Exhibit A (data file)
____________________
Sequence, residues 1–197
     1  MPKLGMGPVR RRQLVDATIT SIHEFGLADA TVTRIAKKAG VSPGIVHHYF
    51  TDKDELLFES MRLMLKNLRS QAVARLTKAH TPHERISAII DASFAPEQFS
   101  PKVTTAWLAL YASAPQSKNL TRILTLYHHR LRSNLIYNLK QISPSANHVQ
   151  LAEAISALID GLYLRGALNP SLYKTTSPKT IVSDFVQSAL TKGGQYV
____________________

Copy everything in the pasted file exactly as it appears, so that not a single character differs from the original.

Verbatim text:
Sequence, residues 1–197
     1  MPKLGMGPVR RRQLVDATIT SIHEFGLADA TVTRIAKKAG VSPGIVHHYF
    51  TDKDELLFES MRLMLKNLRS QAVARLTKAH TPHERISAII DASFAPEQFS
   101  PKVTTAWLAL YASAPQSKNL TRILTLYHHR LRSNLIYNLK QISPSANHVQ
   151  LAEAISALID GLYLRGALNP SLYKTTSPKT IVSDFVQSAL TKGGQYV